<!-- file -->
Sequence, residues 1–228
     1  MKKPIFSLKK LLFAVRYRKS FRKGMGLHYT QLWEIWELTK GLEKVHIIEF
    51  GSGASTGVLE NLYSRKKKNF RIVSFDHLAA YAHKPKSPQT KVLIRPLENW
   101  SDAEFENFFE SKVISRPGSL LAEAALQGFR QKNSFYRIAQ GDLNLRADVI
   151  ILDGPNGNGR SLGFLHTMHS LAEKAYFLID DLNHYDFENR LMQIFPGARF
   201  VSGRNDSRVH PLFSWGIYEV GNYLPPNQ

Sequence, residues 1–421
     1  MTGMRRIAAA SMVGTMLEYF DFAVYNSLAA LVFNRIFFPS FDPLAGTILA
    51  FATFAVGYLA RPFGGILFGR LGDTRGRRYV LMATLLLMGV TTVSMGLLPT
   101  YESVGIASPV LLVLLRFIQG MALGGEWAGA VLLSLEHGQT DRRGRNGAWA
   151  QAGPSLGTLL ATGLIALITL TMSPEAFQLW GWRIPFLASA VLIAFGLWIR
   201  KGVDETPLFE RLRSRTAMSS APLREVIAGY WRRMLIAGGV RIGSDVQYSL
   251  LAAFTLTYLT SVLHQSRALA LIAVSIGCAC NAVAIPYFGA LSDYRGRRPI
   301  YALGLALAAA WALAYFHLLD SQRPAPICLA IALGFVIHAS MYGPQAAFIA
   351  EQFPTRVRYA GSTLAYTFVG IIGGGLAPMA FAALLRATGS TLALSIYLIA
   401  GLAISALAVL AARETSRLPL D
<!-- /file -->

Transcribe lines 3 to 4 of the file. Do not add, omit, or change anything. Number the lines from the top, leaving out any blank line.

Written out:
    51  GSGASTGVLE NLYSRKKKNF RIVSFDHLAA YAHKPKSPQT KVLIRPLENW
   101  SDAEFENFFE SKVISRPGSL LAEAALQGFR QKNSFYRIAQ GDLNLRADVI